Oxfordshire County Council response to announcement of local government funding


  • Government today (15/12/16) announced the annual budget settlement for councils

  • Councils can raise the Council Tax precept to 3% for social care for the next two years only

  • For the county council, that means no increase above its existing three-year plan

  • Part of new homes bonus fund paid to district councils has been allocated to social care

Cllr Ian Hudspeth, Leader of Oxfordshire County Council, said:

In today’s announcement, the government sent councils a very clear message that we will need to pay our own way, by reducing our costs and raising more of our funding through council tax and business rates. We can do this in Oxfordshire, but only if we cut the cost of running six councils.

The pressure on social services will be partly addressed by giving some of the money paid to the district councils for building new homes to adult care, but this simply swaps money between budgets within Oxfordshire councils. We need to study the detail but this is not new money.

The county council has already taken difficult decisions that mean we are on a relatively solid financial footing. But we still face difficult decisions, including whether to raise council tax next year by the additional one per cent announced by the government. The council will be thinking hard about whether to do this, and are keen to hear views as part of our budget consultation.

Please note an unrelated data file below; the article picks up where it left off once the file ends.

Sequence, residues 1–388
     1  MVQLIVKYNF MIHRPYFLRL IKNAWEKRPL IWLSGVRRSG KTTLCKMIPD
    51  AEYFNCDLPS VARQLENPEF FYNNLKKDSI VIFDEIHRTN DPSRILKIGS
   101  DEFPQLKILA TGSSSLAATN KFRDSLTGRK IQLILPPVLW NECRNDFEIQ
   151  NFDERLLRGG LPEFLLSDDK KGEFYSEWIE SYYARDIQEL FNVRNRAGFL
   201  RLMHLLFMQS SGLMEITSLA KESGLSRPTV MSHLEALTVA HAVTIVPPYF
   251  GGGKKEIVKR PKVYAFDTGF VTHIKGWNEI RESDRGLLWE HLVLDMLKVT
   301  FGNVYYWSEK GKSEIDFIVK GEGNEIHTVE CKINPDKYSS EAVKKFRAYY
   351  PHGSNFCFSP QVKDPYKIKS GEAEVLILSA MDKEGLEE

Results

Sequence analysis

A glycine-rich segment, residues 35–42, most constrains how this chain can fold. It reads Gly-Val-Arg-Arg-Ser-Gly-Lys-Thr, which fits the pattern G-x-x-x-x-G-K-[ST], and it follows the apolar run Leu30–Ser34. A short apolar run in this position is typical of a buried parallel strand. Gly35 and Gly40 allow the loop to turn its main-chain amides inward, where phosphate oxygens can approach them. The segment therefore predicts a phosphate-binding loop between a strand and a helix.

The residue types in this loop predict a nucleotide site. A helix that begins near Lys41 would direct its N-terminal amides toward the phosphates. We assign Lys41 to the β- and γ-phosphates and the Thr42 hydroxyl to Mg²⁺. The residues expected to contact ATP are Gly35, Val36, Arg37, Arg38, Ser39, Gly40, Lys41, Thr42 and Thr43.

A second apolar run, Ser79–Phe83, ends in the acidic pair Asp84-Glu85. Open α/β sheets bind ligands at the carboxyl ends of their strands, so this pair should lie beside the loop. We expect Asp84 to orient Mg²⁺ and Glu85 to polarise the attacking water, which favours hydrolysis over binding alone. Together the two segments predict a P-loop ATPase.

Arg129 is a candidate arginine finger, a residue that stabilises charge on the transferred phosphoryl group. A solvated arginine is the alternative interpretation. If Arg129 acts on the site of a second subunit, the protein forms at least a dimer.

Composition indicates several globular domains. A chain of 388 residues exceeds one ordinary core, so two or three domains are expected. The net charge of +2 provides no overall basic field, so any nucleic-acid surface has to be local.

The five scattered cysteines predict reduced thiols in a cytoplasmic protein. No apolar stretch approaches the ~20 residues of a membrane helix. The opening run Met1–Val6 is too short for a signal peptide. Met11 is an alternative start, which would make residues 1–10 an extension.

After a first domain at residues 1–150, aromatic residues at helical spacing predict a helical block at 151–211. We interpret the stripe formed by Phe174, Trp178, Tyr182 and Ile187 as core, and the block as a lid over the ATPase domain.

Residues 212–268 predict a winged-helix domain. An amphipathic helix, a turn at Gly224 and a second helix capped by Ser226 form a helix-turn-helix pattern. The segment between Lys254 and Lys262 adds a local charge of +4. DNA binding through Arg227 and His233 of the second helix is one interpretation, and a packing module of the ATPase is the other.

The real story is the need for local government as a whole in Oxfordshire to save money to protect frontline services. I am convinced this can only be done by creating a single council for Oxfordshire that avoids costly duplication of bureaucracy, which council tax payers can ill-afford.

The county council will shortly publish proposals for a single unitary council for Oxfordshire that would save £100m over five years to protect services. We will continue to work with the district councils on a devolution bid to secure investment in infrastructure, but today’s announcement shows we cannot afford to turn our back on £100m to protect public services.”